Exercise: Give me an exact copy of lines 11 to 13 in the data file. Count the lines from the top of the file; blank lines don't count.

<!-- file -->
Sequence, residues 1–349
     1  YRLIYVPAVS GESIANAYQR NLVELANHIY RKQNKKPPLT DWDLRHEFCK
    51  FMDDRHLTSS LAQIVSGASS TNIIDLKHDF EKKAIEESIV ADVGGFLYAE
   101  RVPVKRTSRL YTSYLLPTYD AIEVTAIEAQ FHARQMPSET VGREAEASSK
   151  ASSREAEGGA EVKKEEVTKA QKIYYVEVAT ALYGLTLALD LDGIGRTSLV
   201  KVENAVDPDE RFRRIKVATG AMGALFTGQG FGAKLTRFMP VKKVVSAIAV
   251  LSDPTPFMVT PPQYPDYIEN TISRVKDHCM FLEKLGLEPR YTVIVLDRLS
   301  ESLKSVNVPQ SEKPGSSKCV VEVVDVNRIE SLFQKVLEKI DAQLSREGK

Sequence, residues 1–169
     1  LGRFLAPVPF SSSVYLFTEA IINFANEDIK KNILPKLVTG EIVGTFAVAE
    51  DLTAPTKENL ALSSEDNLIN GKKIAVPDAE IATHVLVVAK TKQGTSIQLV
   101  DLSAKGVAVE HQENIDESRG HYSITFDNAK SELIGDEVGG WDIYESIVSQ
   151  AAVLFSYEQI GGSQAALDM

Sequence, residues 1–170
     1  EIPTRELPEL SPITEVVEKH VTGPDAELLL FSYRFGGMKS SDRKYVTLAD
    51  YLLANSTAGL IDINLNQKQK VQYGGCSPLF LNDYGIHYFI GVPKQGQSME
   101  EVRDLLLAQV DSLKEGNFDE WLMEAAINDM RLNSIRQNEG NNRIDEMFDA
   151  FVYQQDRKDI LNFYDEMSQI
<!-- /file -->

    51  DLTAPTKENL ALSSEDNLIN GKKIAVPDAE IATHVLVVAK TKQGTSIQLV
   101  DLSAKGVAVE HQENIDESRG HYSITFDNAK SELIGDEVGG WDIYESIVSQ
   151  AAVLFSYEQI GGSQAALDM